Oroho & Space Resolution to Raise Awareness to Childhood Cancer Heads to Governor After Legislative Approval
A bipartisan resolution sponsored by Senator Steve Oroho and Assemblyman Parker Space (both R-Sussex, Warren, Morris) to promote education and awareness about childhood cancer is headed to the Governor’s desk after it was passed by the New Jersey General Assembly. The bill passed in the state Senate in June 2016.
The resolution was inspired by Nicholas DaSilva, a Hardyston resident who was diagnosed with a form of cancer called Burkitt’s lymphoma when he was just 5 years old. Since his cancer has gone into remission, he has worked to help other children with the disease. Along with the other members of his family, Nicholas has raised money to help other kids through donations to the Valerie Fund and Alex’s Lemonade Stand.
We need to create a better understanding of childhood cancer and support the kids fighting the disease. https://t.co/UGI9PXDHlg
— Senator Steven Oroho (@stevenoroho) February 16, 2017
“Nicholas and his family are an inspiration, and have done so much already to raise awareness to childhood cancers,” Senator Oroho said. “With this resolution, we are looking to encourage school districts to participate in ‘going gold’ activities to help foster an understanding of childhood cancers among youth and build compassion for those battling the disease.”
The resolution, SJR-49, designates the third week in September of each year as “Go Gold for Kids with Cancer Awareness Week.” While childhood cancer is rare, it’s still the leading cause of death from disease in American children under the age of 19. For kids battling cancer or those who have survived it, adjusting to school and other social settings can be difficult. As part of the special awareness week, schools will be encouraged to have appropriate activities and programs that promote a better understanding of childhood cancer. It also calls upon public officials and the citizens of the state to join in wearing a gold ribbon, which is the international awareness symbol for childhood cancer.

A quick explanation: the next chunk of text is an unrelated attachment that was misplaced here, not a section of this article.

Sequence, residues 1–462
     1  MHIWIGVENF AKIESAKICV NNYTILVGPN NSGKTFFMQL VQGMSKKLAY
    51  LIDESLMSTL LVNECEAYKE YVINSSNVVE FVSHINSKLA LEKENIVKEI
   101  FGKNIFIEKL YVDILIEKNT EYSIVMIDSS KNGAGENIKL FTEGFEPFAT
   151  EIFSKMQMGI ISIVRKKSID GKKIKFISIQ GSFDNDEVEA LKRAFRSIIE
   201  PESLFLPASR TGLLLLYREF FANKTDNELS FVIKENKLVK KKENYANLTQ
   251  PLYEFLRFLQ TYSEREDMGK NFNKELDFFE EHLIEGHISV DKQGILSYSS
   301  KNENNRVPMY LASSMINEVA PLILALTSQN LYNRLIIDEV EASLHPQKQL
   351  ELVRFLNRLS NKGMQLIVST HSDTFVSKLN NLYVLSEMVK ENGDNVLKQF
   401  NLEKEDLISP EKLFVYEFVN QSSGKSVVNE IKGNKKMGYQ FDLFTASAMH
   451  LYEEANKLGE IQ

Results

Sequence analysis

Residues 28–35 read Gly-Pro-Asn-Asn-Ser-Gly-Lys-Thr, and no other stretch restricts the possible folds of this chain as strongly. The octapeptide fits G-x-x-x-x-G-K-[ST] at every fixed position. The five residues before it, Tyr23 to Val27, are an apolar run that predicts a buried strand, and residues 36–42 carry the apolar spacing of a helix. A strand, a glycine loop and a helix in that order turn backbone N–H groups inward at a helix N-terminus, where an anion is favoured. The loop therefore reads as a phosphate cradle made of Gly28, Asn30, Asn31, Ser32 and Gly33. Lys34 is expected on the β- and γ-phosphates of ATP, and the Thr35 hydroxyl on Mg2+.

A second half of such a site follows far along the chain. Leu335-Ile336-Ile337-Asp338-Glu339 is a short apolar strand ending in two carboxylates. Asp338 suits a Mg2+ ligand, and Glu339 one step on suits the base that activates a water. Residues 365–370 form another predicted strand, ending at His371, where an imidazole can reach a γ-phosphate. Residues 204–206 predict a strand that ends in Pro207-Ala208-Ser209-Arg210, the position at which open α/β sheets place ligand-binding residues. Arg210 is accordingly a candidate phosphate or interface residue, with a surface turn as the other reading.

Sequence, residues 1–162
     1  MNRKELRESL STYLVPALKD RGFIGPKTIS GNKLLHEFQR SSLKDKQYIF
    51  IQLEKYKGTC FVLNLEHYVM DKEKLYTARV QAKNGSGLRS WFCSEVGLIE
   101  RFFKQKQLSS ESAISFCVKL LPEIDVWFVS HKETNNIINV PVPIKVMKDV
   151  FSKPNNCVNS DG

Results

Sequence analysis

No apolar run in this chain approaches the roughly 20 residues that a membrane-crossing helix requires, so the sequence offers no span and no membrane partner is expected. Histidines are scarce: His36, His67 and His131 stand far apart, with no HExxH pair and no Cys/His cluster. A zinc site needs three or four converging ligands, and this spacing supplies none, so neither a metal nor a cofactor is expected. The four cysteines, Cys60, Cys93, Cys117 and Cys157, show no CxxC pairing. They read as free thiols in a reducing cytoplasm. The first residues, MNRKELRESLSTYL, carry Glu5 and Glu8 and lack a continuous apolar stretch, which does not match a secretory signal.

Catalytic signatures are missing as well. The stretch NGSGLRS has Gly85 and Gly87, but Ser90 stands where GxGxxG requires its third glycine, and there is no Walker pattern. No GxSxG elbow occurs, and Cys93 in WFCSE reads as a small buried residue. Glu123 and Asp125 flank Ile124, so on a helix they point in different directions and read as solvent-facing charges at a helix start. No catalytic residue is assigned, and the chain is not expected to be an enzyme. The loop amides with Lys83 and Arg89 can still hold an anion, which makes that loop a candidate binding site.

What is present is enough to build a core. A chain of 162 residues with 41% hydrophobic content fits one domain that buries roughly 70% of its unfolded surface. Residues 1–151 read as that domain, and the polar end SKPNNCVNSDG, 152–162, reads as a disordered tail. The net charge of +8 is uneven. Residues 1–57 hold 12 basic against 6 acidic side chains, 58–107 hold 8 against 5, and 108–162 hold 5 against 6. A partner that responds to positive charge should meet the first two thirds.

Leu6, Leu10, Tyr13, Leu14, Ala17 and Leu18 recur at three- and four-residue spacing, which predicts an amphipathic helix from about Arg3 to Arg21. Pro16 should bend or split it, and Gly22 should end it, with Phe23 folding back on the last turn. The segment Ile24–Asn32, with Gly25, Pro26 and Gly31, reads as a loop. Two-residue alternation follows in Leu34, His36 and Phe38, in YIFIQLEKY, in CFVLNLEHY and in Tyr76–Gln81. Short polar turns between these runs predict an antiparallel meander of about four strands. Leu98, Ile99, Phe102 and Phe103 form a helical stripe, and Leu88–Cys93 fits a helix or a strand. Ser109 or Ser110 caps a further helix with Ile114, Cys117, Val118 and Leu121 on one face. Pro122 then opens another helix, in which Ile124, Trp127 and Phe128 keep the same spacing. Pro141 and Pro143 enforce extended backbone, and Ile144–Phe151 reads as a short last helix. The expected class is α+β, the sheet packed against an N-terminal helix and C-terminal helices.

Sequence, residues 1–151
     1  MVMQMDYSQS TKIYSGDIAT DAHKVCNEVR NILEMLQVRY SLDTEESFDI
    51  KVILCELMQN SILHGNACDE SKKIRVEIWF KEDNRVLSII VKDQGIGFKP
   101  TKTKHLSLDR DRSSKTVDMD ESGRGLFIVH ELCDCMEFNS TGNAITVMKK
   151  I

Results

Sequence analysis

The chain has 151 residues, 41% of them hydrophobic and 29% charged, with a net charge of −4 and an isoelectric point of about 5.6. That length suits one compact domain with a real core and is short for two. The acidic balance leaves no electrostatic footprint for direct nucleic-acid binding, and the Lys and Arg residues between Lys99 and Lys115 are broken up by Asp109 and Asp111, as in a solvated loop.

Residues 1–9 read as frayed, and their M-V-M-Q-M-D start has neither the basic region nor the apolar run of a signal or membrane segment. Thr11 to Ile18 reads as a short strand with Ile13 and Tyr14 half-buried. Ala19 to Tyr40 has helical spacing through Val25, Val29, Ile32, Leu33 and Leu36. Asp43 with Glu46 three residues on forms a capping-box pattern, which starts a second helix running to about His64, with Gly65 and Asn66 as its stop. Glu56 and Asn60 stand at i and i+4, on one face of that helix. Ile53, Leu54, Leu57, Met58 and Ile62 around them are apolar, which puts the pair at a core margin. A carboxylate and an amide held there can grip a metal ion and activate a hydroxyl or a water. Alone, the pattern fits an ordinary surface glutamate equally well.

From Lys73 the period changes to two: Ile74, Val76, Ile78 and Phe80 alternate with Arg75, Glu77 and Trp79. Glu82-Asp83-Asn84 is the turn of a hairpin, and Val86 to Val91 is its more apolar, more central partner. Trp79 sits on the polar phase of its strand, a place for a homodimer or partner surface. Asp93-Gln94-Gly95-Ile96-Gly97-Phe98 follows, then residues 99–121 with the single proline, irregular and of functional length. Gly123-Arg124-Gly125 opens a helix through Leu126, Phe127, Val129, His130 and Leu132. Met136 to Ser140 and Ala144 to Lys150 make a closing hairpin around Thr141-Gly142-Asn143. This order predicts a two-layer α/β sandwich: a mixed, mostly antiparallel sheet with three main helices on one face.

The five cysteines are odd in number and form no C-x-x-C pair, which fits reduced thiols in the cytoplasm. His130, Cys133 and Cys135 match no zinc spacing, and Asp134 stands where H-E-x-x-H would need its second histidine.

“Many children with cancer have a hard time readjusting to school and social settings during and after treatment. They are often anxious, concerned about their body image and social lives, and are at an increased risk of developing learning difficulties,” said Assemblyman Space. “A child’s classmates can be a tremendous help by being welcoming, compassionate and kind, but they too need help understanding what the child is going through.”
The DaSilva family have been encouraged in their efforts and sought guidance from another Sussex County resident, Hap Rowan of Frankford. Since 2008, Hap has been battling a rare carcinoid cancer known as neuroendocrine tumor, or NET, cancer. In 2012, Hal worked with Senator Oroho and then Assemblymembers Alison Littell McHose and Gary Chiusano to annually designate November 10 as “Neuroendocrine Tumor Cancer Awareness Day” in New Jersey.